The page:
• Fab@54 permalink
      May 30, 2012 8:54 am

      ::: applauds :::: Thank you.

    • Erin S. permalink
      June 1, 2012 2:06 am

      I find it hilarious that my husband (who also has AS) gets more flack for his mis-steps in regards to social cues, while supposed super intelligent professionals act the way you outlined.

      I think I’ll take a man who pitches a fit (well, not literally) about strangers in his space and occasionally forgets that it appears he is being rude when he forgets to properly end a conversation with social nicety/small talk stuff over a doctor who treats me like a child and a liar because they can’t grasp the fact that my health issues don’t begin and end with my weight. At least my husband is willing to go through the motions even if he doesn’t really get why he should waste time with small talk after he’s already said everything he needed to say.

  7. May 29, 2012 10:36 pm

    I am hyperthyroid and that’s no picnic either.

    I am currently in the midst of my second relapse (third time hyperthyroid). After first time, I went into remission for about 15 years. My first relapse was about three years ago and I’ve already relapsed again. The good news is that I respond immediately and beautifully to medication. I really don’t want my thyroid irradiated, but we’ll have to see how things go this time around. In any case, I’m on medication for at least 18 months this time around.

    My main symptom when I relapsed in November was extremely anxiety and I said some things that were pretty much out of character and made myself a first-rate enemy at work as a result. The fact that I was extremely ill and didn’t know it at the time makes no difference. She now treats me like pond scum. Even some people who I thought were my friends now treat me with kid gloves and I seem to have irretrievably lost a precious sense of collegiality and team work in an extremely high pressure work environment.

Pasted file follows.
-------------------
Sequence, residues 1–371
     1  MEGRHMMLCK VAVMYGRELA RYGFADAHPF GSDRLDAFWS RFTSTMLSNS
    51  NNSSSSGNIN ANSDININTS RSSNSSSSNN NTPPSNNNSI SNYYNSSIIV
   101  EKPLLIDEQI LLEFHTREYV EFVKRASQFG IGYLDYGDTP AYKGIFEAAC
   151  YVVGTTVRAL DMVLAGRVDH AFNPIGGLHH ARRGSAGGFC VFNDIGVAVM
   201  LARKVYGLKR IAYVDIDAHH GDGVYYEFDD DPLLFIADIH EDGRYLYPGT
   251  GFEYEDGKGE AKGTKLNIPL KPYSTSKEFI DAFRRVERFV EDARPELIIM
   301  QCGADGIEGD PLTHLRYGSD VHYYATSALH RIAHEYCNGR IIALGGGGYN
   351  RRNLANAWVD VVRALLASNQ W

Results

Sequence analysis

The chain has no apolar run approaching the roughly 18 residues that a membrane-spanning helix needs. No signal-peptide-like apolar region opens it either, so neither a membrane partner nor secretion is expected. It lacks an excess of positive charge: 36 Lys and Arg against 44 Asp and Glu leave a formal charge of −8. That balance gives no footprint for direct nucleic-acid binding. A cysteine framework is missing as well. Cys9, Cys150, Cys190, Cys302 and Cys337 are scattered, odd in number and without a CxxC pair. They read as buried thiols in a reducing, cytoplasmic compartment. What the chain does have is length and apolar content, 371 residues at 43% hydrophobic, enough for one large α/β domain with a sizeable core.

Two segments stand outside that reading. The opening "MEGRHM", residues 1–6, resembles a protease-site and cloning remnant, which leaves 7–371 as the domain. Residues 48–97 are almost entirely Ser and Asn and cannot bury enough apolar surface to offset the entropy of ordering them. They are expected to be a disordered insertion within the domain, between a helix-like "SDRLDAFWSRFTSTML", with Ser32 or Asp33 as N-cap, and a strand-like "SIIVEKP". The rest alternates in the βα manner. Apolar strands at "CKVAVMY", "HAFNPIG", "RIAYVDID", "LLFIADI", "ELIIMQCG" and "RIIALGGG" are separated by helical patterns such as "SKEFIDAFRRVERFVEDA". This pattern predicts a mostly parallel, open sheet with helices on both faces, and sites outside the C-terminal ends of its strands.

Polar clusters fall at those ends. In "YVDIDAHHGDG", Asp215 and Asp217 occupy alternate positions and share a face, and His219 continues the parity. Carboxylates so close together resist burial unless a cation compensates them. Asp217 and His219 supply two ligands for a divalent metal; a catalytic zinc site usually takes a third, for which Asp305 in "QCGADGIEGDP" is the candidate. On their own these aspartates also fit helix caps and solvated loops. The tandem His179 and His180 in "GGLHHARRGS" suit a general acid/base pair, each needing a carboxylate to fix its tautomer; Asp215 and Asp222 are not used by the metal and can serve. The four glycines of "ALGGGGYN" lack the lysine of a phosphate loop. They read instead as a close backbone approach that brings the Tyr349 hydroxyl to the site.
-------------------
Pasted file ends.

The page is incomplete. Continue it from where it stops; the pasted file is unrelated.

When you’re hyperthyroid, you “lose” weight. I put this in huge quotation marks. Yes, the scale said I was losing weight while eating all kinds of things that normally make me gain weight, even when eating them in small quantities, but what my endocrinologist explained to me was that I was losing muscle mass while my fat stores remained intact (and perhaps even increased?). The “wonderful” thing about muscle mass is that once lost, it is fiendishly hard to recover–especially if you’re a peri-menopausal woman who has other health problems that prevent her from doing any exercise other than walking (no, not even swimming).

    The medication has led me to regain everything I lost, but this regain is probably fat and not muscle. From a health perspective, I care much more about the muscle loss than anything else.

    • Fab@54 permalink
      May 30, 2012 2:09 pm

      Hi “NewMe”… I didn’t know hyperthyroidism can go into a remission so to speak. I just assumed it was like hypothyroidism, where once you have it, you have it and you can never stop taking the medications. Learn new things every day!
      I stopped taking my hypo-T meds once because, well, I’d just gotten into a pissy frame of mind at the time, and figured “Hey, I hate taking pills, always have, and these don’t do anything for me anyway, so Eff it”.
      Within a couple of months I was so depressed and completely exhausted morning, noon and night. I didn’t put the depression and exhaustion together with stopping the pills. (Durrr on me). Then while in the midst of family & marriage counseling for other issues, the therapist was taking a physical and emotional inventory of each of us, and she asked about my health. Eventually she got it out of me that I was supposed to be taking thyroid meds but wasn’t.
      Well, she got on me and immediately had the resident psychiatrist write me a script for blood work. Long story shorter, within a couple weeks I was back on the thyroid meds (and short term Prozac) and within 2 months there was a world of improvement. Now I know what can happen if I stop thyroid meds, and honey, it ain’t pretty. But like I said, I didn’t realize hyperthyroid wasn’t the same as hypo. as far as no cycling of symptoms etc. Interesting. Thanks for sharing that.

  8. elengendros permalink
    May 30, 2012 5:30 am

    My father has his hipothyroidism under medication and he hasn’t lost a single kg. But now we are not worried because he could fall asleep while he is driving.